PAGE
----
Gastrointestinal Endoscopy

By: Shelly Cruz

The field of gastrointestinal endoscopy is undergoing a revolution the likes of which it has not witnessed since its inception in the early 1960's. Flexible endoscopy provides potentially a less invasive alternative to more invasive traditional surgical routes. Today may surgeons and gastroenterologists around the globe are working together to pioneer this exciting new field.

This new approach to surgery is being referred to as NOTES (Natural Orifice Translumenal Endoscopic Surgery) or NOS (Natural Orifice Surgery). Additionally, Natural Orifice Surgery is comprised of Translumenal surgery (procedures that breach the GI tract to access the peritoneal cavity), and Endolumenal Surgery (procedures performed within the lumen of the GI tract or other hollow organs which can be accessed through natural orifices). These new approaches are very promising and have the potential to greatly reduce post operative pain, infection, complications and have the ability to get back to their normal activities dramatically quicker than laparoscopic surgery.

Companies like Apollo Endosurgery, Inc. in Austin, TX are working closely with surgeons and therapeutic endoscopists from around the world to develop new flexible surgical tools to assist in the advancement of natural orifice surgical procedures. These devices will be compatible with existing endoscope platforms and allow surgeons and endoscopists to perform procedures previously only possible through laparoscopic or open surgical approaches.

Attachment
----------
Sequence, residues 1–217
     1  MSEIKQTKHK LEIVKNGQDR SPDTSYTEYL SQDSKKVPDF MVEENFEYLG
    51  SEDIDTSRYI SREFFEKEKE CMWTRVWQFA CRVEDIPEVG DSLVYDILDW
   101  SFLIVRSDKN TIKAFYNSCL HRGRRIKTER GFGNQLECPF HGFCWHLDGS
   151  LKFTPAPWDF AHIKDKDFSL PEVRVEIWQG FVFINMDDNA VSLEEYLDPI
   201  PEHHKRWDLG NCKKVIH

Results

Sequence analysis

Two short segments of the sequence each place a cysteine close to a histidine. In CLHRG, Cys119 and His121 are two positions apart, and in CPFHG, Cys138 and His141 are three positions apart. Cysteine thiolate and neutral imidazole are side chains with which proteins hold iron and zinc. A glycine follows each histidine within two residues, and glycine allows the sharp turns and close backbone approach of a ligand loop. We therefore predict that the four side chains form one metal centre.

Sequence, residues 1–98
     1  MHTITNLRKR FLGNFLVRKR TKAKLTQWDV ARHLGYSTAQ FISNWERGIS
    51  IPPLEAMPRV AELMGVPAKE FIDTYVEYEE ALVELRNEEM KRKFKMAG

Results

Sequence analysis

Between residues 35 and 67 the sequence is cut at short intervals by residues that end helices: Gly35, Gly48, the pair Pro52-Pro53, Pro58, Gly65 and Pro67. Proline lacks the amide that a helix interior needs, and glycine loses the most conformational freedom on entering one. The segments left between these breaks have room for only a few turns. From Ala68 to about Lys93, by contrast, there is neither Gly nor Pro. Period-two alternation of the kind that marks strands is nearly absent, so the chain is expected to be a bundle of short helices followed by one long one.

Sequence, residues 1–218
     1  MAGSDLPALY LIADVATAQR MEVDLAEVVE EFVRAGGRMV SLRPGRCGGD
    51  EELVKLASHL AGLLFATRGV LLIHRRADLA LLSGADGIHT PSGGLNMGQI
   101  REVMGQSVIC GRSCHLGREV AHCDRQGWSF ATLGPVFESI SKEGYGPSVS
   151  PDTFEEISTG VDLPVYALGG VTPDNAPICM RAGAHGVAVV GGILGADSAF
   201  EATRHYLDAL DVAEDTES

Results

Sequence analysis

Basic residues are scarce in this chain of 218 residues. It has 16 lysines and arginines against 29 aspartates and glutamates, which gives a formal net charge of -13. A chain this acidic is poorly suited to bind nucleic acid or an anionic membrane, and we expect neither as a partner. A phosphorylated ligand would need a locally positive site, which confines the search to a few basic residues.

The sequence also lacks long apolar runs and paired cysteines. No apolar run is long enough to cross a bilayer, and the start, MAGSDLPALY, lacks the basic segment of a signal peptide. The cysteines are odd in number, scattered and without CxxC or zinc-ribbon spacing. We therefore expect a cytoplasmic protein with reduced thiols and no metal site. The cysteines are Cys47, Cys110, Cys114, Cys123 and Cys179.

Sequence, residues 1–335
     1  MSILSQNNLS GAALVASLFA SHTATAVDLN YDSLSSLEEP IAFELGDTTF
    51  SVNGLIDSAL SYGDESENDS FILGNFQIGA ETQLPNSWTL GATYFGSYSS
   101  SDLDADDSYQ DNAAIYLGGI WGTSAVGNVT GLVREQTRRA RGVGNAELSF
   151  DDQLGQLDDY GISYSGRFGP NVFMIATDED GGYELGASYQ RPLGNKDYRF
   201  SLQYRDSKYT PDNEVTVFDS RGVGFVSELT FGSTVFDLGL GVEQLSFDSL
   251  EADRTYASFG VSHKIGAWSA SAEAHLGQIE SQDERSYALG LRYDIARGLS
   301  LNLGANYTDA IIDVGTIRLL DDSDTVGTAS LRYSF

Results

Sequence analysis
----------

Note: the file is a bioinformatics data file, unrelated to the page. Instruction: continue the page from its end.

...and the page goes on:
There are greater than twenty commonly performed surgical procedures that are being researched and considered good candidates for NOTES procedures. Procedures such as cholecystectomy (gall bladder removal), appendectomy, oopherectomy, tubal ligation, ventral hernia repair, peritoneal exploration, gastrojejunostomy, early cancer resections and gastric reduction procedures for obesity are being investigated by leading medical centers around the world. These procedures represent over five million surgeries in the U.S. alone that could be performed as NOS procedures in the future. In 2002, Dr. Tony Kalloo from Johns Hopkins Medical Center published the first paper on NOTES and the potential patient benefits of Natural Orifice procedures. While the vast majority of the medical community was skeptical of Dr. Kalloo's claims, visionaries grasped onto his concepts and initial research began.

Today there have been over two hundred Natural Orifice surgical procedures performed around the world. The early results are very promising, but much more research will be needed before these procedures become readily available to the general public. Many experts believe that in the next two to three years surgery as we have known it the past two decades could be radically changed forever. The evolution of less invasive medicine has enormous potential impact on not only the quality of life of the surgical patient, but on our economy as well. Reducing pain and convalescence is not only good for the patient, but also good for the economy.

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